Former gov talks persistence, success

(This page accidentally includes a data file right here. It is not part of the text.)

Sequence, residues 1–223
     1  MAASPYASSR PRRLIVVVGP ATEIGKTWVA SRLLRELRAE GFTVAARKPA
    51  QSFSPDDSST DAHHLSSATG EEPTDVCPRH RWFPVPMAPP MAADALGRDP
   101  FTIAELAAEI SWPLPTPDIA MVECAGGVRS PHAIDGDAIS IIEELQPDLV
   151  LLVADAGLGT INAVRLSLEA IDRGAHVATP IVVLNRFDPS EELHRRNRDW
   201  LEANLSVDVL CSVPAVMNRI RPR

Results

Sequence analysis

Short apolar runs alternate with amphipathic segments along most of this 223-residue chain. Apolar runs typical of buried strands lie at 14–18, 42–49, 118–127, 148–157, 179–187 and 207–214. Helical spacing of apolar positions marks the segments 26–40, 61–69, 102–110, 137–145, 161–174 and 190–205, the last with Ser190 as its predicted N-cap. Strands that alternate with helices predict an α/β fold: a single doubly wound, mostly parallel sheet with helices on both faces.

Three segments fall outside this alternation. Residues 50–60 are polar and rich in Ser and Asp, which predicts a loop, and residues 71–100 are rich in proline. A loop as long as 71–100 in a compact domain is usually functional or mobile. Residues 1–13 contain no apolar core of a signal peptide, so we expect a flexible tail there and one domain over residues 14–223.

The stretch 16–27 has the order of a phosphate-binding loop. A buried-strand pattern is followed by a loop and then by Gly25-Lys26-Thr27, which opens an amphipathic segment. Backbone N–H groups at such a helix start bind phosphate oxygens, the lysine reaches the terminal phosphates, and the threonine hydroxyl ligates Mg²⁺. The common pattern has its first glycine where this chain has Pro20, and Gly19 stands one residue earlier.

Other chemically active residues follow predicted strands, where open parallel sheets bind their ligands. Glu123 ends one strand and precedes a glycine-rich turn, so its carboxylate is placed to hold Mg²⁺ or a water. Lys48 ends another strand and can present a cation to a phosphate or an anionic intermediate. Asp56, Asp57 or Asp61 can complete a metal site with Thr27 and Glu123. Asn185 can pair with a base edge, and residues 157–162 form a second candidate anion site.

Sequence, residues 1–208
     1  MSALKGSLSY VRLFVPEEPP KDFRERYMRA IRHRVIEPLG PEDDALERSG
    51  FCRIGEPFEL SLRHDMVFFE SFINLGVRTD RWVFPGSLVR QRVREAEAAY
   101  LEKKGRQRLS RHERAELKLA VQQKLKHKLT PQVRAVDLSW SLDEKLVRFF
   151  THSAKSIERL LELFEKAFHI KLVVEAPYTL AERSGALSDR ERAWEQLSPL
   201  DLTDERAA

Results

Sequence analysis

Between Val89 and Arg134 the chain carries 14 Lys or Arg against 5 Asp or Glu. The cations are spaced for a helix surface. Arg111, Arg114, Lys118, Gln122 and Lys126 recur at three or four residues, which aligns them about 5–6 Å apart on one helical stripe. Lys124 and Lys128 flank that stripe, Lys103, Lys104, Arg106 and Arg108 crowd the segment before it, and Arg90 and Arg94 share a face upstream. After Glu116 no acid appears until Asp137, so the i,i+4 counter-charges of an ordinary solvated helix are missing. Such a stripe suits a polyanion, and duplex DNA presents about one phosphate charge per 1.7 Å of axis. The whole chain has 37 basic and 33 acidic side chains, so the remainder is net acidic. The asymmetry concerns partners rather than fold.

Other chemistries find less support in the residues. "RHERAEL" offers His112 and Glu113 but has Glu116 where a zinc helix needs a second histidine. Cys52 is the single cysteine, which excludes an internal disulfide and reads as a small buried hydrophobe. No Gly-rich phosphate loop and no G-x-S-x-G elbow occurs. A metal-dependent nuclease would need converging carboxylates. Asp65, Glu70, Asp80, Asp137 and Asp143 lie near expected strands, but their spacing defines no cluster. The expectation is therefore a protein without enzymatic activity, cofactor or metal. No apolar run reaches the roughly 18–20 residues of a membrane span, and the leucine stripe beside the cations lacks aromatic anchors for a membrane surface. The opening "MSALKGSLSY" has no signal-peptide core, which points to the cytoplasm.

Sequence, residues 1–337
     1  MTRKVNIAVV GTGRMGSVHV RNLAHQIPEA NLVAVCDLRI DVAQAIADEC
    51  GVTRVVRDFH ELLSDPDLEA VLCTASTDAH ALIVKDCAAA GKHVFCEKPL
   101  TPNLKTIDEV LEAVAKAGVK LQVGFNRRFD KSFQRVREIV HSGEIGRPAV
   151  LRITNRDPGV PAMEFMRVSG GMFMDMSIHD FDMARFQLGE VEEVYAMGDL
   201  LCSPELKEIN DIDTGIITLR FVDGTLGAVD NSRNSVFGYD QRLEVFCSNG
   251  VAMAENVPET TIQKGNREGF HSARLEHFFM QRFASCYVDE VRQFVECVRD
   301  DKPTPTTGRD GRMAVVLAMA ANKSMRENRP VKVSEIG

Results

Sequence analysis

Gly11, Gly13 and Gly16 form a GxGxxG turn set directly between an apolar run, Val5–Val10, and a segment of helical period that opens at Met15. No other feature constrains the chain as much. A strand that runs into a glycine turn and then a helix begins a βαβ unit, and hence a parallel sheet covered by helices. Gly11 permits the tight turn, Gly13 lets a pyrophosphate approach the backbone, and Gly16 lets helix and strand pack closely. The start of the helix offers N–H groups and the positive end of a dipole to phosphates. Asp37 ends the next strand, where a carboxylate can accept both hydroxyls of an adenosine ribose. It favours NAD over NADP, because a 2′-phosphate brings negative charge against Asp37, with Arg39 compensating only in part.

first_imgFormer California Gov. George Deukmejian spoke to students and faculty on Monday about the importance of perseverance in the face of failure.Persistent politician · Former California Gov. George Deukmejian talked to students on Monday about how perseverance leads to success. – Ralf Cheung | Daily TrojanDuring his speech, titled “If I Could Do It, You Can Do It,” Deukmejian recounted to a crowd in the Social Sciences Building about  how the support of his family attributed to his successes.“I don’t have very much to tell you about myself that is extraordinary or different,” Deukmejian said. “I was very fortunate to have wonderful support from my parents.”Deukmejian described his journey from a New York State town with 1,700 residents to his time in law school, where Deukmejian was approached by a sergeant who presented a life-changing opportunity to him: the sergeant asked him for legal help.“I went to this sergeant who I had helped and asked if I could get my Military Occupational Specialties number and change my classification from an infantryman because of my law degree,” Deukmejian said.Because of this interaction, Deukmejian did not have to fight in the military and continued with his political career. After moving to Long Beach in the 1950s, he became friends with a State Assemblyman William Grant through a Republican Party club. Deukmejian then volunteered to aid his campaign for reelection. When Grant retired, Deukmejian then ran for his seat and won. Deukmejian decided to run for attorney general. However, his bid was unsuccessful.“I came in dead last among four candidates,” Deukmejian said. “But I still kept my seat in the State Senate, and ran again in 1978.”Deukmejian won his race in 1978 and worked under then- (and current) Gov. Jerry Brown. When Brown vacated the governorship to make a bid to become one of California’s national senators from California, Deukmejian put his name on the primary ballot and won.Deukmejian said he his proudest achievement was working with both sides of the aisle.“I used the power of veto 4,000 times,” Deukmejian said. “I was the only Republican to hold a constitutionally mandated state office at the time — every other office was controlled by Democrats. They had the majority in both houses of the state assembly.”Janet Shamilian, a senior majoring in political science, said it was not only Deukmejian’s successes that were inspiring, but his response to initial failure.“I really like that he elaborated on both his successes and his unsuccessful campaigns,” Shamilian said. “It is always motivating to see someone who was unsuccessful the first time around.”Arteen Mnayan, a senior majoring in political science, said Deukmejian is also a role model, especially for those also of Armenian heritage.“Armenians have Deukmejian to look up to,” Mnayan said.  “It’s inspiring and it allows us to accomplish things we never thought we would.”Deukmejian concluded the event by urging students to take an active part in civic engagement.“I urge you to continue to work hard, to strive to do your best,” Deukmejian said. “Whatever you choose to do, you can always still have an interest in pubic life. You don’t necessarily have to be an elected person. You can vote.”last_img read more